So Bell was able to travel relatively lightly. In fact the cutlery and plates she rode with probably weighed more than her camera.
Within weeks of arriving in Jerusalem she was referring to her camera and needing rolls of film in her letters home:
But Bell, who arrived in Jerusalem in 1899, was no lady tourist with a novelty Kodak. She was physically tough and adventurous and in the middle of her mountaineering years, with the fitness and the skills of an extreme sports athlete. She was also a scholar who understood the historicity of the monuments under her gaze. Thus, every one of her early photographs from Jerusalem and the surrounding area are illuminating.
2. They show Bell's growing competence in photographing landscapes and people - developing and practising both stylised and documentary approaches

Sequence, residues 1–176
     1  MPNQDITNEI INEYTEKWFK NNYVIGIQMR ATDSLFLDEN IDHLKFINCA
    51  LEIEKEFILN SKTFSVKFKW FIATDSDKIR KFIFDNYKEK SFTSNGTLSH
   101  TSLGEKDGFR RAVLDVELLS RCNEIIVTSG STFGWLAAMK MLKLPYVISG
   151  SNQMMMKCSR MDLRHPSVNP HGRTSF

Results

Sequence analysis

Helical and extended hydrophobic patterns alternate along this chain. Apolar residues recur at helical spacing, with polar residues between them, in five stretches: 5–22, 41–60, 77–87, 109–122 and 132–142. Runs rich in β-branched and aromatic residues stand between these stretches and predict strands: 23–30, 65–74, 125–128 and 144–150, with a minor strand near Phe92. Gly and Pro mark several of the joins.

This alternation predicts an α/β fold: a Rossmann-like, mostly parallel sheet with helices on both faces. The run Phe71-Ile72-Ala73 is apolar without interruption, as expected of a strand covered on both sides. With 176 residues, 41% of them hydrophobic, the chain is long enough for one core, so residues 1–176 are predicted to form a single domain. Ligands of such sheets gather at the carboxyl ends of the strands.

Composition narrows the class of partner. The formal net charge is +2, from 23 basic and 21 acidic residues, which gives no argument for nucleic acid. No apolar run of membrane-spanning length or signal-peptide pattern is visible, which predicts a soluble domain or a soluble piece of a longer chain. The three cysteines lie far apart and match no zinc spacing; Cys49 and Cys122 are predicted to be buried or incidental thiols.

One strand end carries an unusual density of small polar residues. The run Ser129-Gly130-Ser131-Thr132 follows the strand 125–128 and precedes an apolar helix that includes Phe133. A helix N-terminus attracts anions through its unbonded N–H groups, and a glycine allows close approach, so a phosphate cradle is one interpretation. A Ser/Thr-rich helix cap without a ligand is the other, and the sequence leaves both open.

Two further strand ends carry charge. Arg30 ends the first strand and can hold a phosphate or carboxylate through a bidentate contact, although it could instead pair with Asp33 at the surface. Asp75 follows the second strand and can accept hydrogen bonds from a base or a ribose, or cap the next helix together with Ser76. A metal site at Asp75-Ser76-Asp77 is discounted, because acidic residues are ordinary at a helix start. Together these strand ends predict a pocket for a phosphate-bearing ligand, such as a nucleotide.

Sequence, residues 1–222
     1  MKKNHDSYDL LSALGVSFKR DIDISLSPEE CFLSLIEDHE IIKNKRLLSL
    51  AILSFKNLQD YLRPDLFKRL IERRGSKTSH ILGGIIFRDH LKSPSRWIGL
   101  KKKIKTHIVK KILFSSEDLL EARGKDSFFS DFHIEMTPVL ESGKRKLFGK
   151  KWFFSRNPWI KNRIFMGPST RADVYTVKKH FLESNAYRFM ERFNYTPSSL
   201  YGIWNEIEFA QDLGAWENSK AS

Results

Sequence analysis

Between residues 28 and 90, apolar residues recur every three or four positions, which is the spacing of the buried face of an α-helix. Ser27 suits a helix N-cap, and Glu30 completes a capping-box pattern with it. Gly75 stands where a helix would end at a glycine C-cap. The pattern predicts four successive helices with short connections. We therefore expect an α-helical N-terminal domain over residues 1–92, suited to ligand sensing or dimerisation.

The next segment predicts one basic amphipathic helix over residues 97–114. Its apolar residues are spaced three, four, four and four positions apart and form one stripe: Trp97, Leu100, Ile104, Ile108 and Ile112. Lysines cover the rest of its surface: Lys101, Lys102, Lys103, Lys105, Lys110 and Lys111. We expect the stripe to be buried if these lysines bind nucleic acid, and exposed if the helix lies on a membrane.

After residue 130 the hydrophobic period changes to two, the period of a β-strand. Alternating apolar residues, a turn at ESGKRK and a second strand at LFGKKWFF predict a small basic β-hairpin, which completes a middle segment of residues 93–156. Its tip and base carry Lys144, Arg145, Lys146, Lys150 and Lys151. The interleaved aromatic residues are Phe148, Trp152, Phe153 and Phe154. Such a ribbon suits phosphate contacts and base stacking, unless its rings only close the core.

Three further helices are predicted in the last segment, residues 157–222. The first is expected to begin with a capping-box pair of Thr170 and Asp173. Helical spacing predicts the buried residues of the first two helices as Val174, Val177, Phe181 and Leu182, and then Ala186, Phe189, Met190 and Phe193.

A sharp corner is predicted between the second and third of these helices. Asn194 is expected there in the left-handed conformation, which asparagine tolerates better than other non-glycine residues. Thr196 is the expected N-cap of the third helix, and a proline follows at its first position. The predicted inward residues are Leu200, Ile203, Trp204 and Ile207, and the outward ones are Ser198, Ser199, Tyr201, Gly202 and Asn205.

She started off playing it safe, with views of the Old City, and in particular the gates of the Old City and the Haram Al-Sharif (Temple Mount).
I don't know if she was aiming to replicate views that she had previously seen taken by earlier photographers - eg the inside of Damascus Gate, shown here with the earlier Salzman image - but, at any rate, the first few weren't anything particularly special or invaluable. Carefully framed, competently taken, they were good photographs but not uniquely interesting - they were the photographs that any educated traveller might take.
Her competence grew, however, almost daily it seems. (A more detailed study of Bell's Jerusalem-based photographs of the Old City and the West Bank is here.)
And once she bought her own horse, everything changed.